Arthur Lloyd.co.uk
The Music Hall and Theatre History Site
Dedicated to Arthur Lloyd, 1839 - 1904.

 

The Music Pavilion, Pittencreiff Park & Glen, Dunfermline

Later - The Glen Pavilion

Dunfermline Index

A photograph of the Dunfermline Music Pavilion Concert Hall in Pittencreiff Park - Courtesy Graeme Smith

Above - A photograph of the Dunfermline Music Pavilion Concert Hall in Pittencreiff Park - Courtesy Graeme Smith

The opening of the Dunfermline Music Pavilion Concert Hall in June 1935 - Left to Right Sir John Gilmour, Sir James Norval, and architect John Fraser - Courtesy Graeme Smith.One of many endowments in education, welfare and arts made possible by Andrew Carnegie in honour of his home town was opened in June 1935 in Pittencreiff Park.

Music had started in the park from 1904 and the Carnegie Trustees were spending £3,000 per annum on open-air music. They now wanted indoor facilities to combat the elements. This was the Music Pavilion seating 500, with stage facilities for indoor entertainment by visiting bands, singers and concert parties, and complete with a restaurant. On its north side the outdoor stage and terraced arena already in place continued.

Right - The opening of the Dunfermline Music Pavilion Concert Hall in June 1935 - Left to Right Sir John Gilmour, Sir James Norval, and architect John Fraser - Courtesy Graeme Smith.

The Music Pavilion was designed by John Fraser, architect of the Alhambra, an architect much used by the Trust. When Andrew Carnegie started his Dunfermline Trust in 1903, and added to it his purchase - and gift to the town - of the parklands of Pittencreiff one of the very first possibilities discussed by the new trustees then was the provision of a major theatre or concert hall for the enjoyment of plays and music.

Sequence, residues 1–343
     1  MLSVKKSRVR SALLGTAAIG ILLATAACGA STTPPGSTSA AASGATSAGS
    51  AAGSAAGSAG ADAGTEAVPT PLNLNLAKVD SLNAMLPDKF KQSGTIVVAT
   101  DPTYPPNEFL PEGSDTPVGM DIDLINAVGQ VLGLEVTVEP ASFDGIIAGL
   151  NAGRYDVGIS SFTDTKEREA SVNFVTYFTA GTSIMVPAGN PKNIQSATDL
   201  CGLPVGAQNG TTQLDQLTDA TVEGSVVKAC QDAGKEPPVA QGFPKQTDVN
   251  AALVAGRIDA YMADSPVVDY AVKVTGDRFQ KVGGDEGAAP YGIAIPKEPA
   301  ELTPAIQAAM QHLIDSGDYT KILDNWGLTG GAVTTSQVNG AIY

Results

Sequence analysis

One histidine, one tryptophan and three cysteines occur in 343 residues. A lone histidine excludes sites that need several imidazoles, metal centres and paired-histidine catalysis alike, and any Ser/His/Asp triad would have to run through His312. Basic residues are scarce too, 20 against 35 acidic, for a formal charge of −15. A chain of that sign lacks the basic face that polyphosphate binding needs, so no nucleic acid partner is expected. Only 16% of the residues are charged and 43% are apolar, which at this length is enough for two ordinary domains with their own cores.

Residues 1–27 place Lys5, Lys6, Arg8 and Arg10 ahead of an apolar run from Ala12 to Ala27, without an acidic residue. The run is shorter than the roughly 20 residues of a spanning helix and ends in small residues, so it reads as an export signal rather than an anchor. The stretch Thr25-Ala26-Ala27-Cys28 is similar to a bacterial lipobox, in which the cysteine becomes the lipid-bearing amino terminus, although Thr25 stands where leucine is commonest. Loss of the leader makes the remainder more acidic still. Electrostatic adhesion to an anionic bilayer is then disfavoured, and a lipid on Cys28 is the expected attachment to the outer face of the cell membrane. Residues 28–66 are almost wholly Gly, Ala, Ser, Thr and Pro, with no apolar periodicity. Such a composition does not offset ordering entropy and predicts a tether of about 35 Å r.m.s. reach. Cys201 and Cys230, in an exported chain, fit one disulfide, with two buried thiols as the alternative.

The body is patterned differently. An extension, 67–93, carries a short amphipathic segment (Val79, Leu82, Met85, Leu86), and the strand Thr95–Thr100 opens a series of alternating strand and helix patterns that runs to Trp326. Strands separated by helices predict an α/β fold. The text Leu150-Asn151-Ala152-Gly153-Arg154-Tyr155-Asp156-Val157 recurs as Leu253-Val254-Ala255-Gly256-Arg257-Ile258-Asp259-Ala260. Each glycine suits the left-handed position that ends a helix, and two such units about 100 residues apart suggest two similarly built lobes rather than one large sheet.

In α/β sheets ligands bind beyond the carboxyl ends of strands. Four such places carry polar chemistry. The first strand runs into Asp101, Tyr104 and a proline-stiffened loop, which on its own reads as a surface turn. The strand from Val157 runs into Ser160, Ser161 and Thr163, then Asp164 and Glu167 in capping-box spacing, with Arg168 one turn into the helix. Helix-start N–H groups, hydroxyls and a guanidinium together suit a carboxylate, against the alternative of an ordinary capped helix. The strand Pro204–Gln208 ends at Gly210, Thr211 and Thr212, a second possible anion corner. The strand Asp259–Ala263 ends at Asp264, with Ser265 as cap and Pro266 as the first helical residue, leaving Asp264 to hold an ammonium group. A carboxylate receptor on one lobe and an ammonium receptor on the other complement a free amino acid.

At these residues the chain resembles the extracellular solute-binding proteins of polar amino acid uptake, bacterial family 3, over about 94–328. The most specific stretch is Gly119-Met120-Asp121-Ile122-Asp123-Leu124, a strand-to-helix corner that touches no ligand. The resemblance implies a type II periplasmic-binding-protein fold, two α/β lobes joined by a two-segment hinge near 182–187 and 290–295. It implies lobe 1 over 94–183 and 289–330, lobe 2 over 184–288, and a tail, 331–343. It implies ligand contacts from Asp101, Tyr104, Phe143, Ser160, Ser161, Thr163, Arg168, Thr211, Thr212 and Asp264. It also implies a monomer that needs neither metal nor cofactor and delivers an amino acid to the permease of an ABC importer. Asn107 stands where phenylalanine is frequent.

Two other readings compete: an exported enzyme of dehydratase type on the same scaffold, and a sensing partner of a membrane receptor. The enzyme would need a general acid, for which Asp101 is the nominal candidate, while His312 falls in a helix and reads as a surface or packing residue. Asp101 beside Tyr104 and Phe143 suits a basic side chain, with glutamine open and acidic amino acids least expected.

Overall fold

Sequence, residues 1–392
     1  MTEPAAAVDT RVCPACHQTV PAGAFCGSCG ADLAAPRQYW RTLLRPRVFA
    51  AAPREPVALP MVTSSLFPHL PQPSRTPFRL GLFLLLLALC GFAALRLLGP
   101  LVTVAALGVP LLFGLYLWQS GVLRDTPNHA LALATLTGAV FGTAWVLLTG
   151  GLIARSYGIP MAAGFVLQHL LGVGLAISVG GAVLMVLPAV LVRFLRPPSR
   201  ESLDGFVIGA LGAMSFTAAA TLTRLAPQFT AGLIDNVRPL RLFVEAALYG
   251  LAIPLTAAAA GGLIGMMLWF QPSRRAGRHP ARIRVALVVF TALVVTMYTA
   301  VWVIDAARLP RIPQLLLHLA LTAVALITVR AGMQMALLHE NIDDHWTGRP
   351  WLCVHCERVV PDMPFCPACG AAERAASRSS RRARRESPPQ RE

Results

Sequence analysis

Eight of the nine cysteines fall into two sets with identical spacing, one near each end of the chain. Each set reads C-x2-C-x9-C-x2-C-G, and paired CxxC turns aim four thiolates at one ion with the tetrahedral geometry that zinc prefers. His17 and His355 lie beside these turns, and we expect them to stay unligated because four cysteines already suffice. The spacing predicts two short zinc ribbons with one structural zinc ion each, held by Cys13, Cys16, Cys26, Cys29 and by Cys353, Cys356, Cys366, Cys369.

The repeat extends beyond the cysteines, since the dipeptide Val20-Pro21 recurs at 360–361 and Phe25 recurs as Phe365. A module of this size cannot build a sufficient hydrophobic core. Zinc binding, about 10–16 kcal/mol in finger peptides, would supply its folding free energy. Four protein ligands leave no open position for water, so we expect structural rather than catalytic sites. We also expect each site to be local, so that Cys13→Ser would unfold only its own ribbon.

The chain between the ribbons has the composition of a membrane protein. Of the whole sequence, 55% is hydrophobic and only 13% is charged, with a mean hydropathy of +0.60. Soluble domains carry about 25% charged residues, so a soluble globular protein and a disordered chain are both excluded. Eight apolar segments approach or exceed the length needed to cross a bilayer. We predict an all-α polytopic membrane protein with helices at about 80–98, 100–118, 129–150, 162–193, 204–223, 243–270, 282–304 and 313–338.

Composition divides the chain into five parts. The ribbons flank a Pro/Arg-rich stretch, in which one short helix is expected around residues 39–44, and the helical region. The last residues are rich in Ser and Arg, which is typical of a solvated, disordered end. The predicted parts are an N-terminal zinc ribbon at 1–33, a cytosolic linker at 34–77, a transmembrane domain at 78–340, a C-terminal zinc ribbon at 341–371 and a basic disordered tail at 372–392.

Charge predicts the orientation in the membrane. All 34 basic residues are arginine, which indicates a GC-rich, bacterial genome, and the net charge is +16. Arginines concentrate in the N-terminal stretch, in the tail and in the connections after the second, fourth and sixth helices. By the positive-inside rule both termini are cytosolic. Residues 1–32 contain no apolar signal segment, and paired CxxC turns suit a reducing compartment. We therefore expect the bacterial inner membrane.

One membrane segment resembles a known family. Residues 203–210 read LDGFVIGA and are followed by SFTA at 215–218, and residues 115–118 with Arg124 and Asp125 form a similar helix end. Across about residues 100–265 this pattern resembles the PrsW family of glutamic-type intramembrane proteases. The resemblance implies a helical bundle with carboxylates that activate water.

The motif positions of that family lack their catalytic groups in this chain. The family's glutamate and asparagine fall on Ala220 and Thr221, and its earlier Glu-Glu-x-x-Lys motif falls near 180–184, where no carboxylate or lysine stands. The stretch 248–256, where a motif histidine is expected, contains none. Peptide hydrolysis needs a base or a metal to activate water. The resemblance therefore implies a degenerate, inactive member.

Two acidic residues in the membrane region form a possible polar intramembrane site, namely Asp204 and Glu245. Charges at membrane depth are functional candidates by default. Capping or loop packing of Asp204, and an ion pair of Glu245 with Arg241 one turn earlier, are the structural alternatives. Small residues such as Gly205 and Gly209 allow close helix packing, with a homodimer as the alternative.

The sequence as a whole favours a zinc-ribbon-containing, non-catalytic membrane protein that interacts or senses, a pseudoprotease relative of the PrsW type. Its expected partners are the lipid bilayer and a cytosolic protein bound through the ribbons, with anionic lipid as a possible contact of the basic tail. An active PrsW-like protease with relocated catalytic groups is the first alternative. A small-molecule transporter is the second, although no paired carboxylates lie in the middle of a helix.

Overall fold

When the Great War finished such a project came back to the table with a site considered in the new Park. However most trustees continued to say it would be too far from the town centre and potentially very costly to build because of the sloping site. However by the 1930s a slim majority voted for the theatre project, designed by veteran architect Sir George Washington Browne, and which would accommodate 1,400 people. In the event it was not built, partly because of the Depression and uncertainties over a final cost. The total cost of the Music Pavilion and of the Carnegie Hall opening a few years later was about half of the projected cost of the aborted Concert Hall & Theatre in the Park.

At the opening of the Music Pavilion in 1935 by Sir John Gilmour MP, and former Home Secretary, a gold key was presented by the architect to duly open the door. In the foyer Gilmour also unveiled the Goulden Fountain, the work of the late sculptor Richard Goulden – Art Adviser to the Trust – who designed Carnegie`s statue in the park.

Today the building continues to be a public venue, known as the Glen Pavilion, and is undergoing a major extension.

The above information on the Music Pavilion was written for this site by Graeme Smith in April 2013.

If you have any more information or images for this Theatre that you are willing to share please Contact me.

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